The notice should contain a statement of the specific charges and grounds which, if proven, would justify expulsion under the regulations of the Board of Education. The nature of the hearing should vary depending upon the circumstances of the particular case. The case before us requires something more than an informal interview with an administrative authority of the college. By its nature, a charge of misconduct, as opposed to a failure to meet the scholastic standards of the college, depends upon a collection of the facts concerning the charged misconduct, easily colored by the point of view of the witnesses. In such circumstances, a hearing which gives the Board or the administrative authorities of the college an opportunity to hear both sides in considerable detail is best suited to protect the rights of all involved. This is not to imply that a full-dress judicial hearing, with the right to cross-examine witnesses, is required. Such a hearing, with the attending publicity and disturbance of college activities, might be detrimental to the college's educational atmosphere and impractical to carry out. Nevertheless, the rudiments of an adversary proceeding may be preserved without encroaching upon the interests of the college.Dixon, 294 F.2d at 158-59. See also Slaughter v. Brigham Young University, 514 F.2d 622, 625 (10th Cir.), cert. denied, 423 U.S. 898, 96 S.Ct. 202, 46 L.Ed.2d 131 (1975) (Due process satisfied where there "was an adequate hearing on the charge with a meaningful opportunity given to plaintiff to participate, to present his position, and to hear the witnesses presenting the facts they had knowledge of."); Jones v. Snead, 431 F.2d 1115, 1117 (8th Cir. 1970) ("[P]rocedural due process must be afforded a student on the college campus `by way of adequate notice, definite charge, and a hearing with opportunity to present one's own side of the case and with all necessary protective measures.'") (Quoting Esteban v. Central Missouri State College, 415 F.2d 1077, 1089 (8th Cir. 1969), cert. denied, 398 U.S. 965, 90 S.Ct. 2169, 26 L.Ed.2d 548 (1970)).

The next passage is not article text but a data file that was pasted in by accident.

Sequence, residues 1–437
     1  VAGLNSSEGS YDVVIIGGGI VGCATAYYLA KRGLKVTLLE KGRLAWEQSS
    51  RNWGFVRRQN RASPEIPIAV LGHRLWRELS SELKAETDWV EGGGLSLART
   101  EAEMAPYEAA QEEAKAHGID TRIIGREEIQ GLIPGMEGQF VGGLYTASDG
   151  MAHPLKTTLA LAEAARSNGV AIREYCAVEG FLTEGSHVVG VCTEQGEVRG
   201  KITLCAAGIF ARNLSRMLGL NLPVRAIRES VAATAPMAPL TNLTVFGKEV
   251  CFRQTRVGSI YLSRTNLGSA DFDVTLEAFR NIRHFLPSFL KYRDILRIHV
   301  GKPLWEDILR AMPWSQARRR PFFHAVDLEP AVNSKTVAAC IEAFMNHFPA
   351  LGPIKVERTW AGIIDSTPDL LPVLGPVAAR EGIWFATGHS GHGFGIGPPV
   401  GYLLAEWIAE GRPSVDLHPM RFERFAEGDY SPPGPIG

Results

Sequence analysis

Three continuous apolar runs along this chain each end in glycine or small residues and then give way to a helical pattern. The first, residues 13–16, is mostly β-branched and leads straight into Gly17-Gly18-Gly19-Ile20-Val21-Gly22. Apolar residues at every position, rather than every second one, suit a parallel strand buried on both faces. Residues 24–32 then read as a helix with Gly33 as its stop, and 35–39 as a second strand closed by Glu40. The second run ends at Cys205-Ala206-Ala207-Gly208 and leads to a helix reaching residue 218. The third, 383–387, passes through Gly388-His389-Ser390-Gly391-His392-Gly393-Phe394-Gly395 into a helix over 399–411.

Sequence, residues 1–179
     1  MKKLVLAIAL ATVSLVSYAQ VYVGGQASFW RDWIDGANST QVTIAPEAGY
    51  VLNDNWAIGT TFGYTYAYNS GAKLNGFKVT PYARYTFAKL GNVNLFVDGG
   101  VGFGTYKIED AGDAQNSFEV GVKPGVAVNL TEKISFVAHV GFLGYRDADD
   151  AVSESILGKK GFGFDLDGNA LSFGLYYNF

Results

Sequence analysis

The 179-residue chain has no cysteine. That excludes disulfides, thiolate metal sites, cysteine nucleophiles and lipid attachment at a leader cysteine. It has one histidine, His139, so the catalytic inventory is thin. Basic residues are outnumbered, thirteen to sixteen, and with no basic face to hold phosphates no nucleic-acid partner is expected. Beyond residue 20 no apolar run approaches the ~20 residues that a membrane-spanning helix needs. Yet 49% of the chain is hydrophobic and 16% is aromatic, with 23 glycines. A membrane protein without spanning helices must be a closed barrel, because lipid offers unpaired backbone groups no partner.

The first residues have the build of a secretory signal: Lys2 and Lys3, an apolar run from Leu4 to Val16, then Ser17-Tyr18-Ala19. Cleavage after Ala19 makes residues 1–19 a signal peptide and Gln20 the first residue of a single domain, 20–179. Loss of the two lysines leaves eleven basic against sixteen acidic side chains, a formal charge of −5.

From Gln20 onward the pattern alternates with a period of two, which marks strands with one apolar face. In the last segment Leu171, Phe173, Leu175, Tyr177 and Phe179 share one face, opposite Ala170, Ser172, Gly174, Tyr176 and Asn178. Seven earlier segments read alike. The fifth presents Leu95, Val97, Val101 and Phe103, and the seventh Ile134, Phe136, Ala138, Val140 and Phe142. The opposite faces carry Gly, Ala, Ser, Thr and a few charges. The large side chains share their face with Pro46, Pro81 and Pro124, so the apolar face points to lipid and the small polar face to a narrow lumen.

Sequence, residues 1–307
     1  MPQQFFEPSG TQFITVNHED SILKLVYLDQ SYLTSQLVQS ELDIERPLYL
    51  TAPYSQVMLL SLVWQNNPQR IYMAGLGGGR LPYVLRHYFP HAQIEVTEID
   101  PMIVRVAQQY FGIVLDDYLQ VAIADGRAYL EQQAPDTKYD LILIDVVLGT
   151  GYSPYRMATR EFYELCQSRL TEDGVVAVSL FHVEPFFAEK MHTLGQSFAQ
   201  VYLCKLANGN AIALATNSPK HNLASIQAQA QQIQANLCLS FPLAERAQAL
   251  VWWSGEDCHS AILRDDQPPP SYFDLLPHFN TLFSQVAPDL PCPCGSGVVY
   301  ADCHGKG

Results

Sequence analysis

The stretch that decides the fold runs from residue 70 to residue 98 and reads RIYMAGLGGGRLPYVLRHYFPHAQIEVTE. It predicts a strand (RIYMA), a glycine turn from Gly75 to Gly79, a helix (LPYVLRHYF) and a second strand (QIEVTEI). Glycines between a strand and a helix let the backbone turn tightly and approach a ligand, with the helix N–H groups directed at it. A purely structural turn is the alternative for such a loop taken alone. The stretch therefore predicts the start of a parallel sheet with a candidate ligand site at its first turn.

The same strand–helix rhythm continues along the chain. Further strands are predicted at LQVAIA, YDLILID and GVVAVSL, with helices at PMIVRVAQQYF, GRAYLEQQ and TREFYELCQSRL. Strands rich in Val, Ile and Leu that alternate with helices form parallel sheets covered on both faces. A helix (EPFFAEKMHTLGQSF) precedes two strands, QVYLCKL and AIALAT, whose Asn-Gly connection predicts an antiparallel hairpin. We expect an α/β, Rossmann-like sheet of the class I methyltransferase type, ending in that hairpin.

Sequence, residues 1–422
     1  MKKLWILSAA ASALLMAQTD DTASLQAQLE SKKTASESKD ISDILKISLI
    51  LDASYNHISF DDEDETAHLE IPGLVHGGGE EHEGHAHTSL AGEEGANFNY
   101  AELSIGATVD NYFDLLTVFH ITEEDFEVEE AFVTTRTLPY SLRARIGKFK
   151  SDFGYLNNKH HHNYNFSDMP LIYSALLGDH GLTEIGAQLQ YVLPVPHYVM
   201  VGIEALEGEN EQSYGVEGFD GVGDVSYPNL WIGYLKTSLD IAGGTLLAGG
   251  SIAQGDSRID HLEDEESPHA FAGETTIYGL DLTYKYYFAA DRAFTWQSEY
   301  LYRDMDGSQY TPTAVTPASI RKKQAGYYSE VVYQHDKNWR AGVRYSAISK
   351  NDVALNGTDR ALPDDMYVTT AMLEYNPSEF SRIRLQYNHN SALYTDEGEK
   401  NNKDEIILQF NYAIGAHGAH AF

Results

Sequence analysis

Although plaintiff was given notice of the charges against him and a meaningful opportunity to present his version of the facts to an impartial hearing panel, he argues that the University's procedures were constitutionally defective on several grounds. After reviewing the procedures which the University followed in this case, and the case law applying the due process clause to school disciplinary proceedings, I conclude that plaintiff received more procedural protection than the due process clause requires. Plaintiff's argument seems to rest largely on an unstated view that a university may not discipline its students without providing a full-scale adversarial proceeding such as those afforded criminal defendants. Since this view of the University's constitutional obligations neither comports with the decisional law, nor is a reasonable accommodation of plaintiff's and the University's interest, I reject this expansive reading of the due process clause.